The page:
Little eBay Tesla Coil Gets an Upgrade

Like so many of the projects we feature, this one started with a cheap eBay module purchase. In this case, it was a little Tesla coil that made decent sized arcs but wasn’t quite good enough. The result was a super-sized solid state Tesla coil with better results and room to grow.

As [GreatScott!] discovered, the little eBay Tesla coil has a pretty neat design. The exciter is a Slayer circuit, a super simple one-transistor design. His reverse engineering revealed that the primary coil is simply a loop trace on the PCB under the secondary coil.¬†Sadly, his attempt to replace the primary and reproduce the Slayer exciter resulted in anemic performance. What’s a hacker to do in that case except build a bigger coil? Much bigger — like “build your own winding jig” bigger. Twelve hundred secondary turns and an appropriately menacing-looking primary later, the results were — still anemic. It turns out the Slayer is just not up to the task. He turned to an inverter circuit that was previously used in a wireless energy transfer circuit, and we finally get to see a little of the Tesla coil magic. But wait! There’s more to come, as future videos will tweak the circuit and optimize the coil for¬†better performance.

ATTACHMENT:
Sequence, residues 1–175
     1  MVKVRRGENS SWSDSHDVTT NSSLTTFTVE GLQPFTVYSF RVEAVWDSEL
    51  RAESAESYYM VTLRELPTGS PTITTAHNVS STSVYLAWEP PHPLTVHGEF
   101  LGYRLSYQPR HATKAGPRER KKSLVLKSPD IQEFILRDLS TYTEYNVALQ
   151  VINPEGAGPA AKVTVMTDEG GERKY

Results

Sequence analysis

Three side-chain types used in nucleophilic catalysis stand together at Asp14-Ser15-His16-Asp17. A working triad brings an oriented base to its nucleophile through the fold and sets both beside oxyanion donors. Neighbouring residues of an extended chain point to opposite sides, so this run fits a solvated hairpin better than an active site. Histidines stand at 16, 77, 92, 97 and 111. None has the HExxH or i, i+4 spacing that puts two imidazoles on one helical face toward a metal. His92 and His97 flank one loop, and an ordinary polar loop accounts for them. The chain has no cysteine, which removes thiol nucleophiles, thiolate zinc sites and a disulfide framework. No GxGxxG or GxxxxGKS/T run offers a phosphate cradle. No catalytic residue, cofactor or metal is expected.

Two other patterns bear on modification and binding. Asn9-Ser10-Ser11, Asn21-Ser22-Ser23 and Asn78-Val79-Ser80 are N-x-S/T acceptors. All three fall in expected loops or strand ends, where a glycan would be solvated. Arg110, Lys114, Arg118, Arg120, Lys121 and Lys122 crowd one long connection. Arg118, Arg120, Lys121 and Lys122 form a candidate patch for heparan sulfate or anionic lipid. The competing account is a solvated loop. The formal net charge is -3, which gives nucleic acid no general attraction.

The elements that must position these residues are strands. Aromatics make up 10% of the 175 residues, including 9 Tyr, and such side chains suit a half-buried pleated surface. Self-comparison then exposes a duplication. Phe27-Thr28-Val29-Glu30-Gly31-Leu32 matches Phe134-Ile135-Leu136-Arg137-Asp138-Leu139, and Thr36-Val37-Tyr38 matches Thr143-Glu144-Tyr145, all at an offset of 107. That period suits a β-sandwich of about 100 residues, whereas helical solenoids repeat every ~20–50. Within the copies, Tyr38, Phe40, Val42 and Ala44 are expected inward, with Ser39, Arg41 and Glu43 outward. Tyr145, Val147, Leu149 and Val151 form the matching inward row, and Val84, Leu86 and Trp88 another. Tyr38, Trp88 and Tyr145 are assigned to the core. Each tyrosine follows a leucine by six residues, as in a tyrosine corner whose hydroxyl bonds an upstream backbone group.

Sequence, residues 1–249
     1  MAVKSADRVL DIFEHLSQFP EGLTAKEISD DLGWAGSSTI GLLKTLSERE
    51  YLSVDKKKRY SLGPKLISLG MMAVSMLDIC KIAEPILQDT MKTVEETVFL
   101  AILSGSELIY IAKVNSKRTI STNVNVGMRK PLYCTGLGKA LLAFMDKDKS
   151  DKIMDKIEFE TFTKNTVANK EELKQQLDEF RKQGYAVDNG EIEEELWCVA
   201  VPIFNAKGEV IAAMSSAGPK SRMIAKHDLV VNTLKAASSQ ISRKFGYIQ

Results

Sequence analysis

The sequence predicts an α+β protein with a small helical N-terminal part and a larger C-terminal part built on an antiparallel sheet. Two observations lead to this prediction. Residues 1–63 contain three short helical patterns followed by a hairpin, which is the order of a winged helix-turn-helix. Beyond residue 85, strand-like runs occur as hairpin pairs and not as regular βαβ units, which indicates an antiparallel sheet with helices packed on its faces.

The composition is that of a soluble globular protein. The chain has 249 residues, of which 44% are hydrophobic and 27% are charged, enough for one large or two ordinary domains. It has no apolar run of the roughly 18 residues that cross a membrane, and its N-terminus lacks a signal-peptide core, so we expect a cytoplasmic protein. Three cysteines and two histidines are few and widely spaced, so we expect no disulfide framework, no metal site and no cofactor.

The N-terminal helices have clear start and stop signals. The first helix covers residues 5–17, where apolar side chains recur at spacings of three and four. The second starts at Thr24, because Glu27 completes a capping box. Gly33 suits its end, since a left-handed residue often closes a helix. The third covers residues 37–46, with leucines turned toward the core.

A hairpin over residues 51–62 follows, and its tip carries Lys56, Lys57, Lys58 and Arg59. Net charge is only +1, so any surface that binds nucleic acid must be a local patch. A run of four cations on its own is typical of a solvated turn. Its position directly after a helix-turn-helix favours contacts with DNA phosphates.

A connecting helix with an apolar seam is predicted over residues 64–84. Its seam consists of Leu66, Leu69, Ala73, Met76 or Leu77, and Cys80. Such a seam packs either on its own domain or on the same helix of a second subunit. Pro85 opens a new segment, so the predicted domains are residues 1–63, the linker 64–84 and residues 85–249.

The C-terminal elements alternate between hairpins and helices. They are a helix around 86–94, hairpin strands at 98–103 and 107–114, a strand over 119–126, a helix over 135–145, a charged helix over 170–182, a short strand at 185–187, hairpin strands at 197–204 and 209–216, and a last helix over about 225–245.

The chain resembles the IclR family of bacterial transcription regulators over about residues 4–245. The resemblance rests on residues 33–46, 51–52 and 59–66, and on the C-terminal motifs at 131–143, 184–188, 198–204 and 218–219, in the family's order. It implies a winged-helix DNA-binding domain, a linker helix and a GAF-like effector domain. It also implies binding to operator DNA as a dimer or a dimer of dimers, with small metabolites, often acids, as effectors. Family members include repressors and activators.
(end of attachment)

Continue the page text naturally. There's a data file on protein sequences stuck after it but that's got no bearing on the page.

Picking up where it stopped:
It’s no surprise that Tesla coils are a popular project around here, especially the musical kinds, from the tiny to the large. Music doesn’t seem to be on [GreatScott!]’s mind, though, and we’ll be watching with interest to see where he takes this build.

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The Automated Pickup Winding Machine

winderBack when electric guitars were a new thing, winding pickups was a very labor intensive and error-prone process. The number of windings could easily vary by a few hundred turns of wire, making the resulting pickup either anemic or much more powerful than the other pickups in the guitar. [Davide] is starting to wind his own pickups, and desiring a little more precision than simply guessing how many winds are on a coil he built an AVR coil winding machine.

The machine uses a DC gear motor running at 1200 RPM. A magnet is glued onto the motor shaft, and a hall effect sensor connected to an ATMega8 keeps track of how many windings are on the coil.

The interface is simple, using character LCD to display a wind counter, motor direction, and current motor speed. There are some useful features in this machine; slow start-up and automatic stop makes winding pickups much easier than the traditional home method of winding pickups with a sewing machine.

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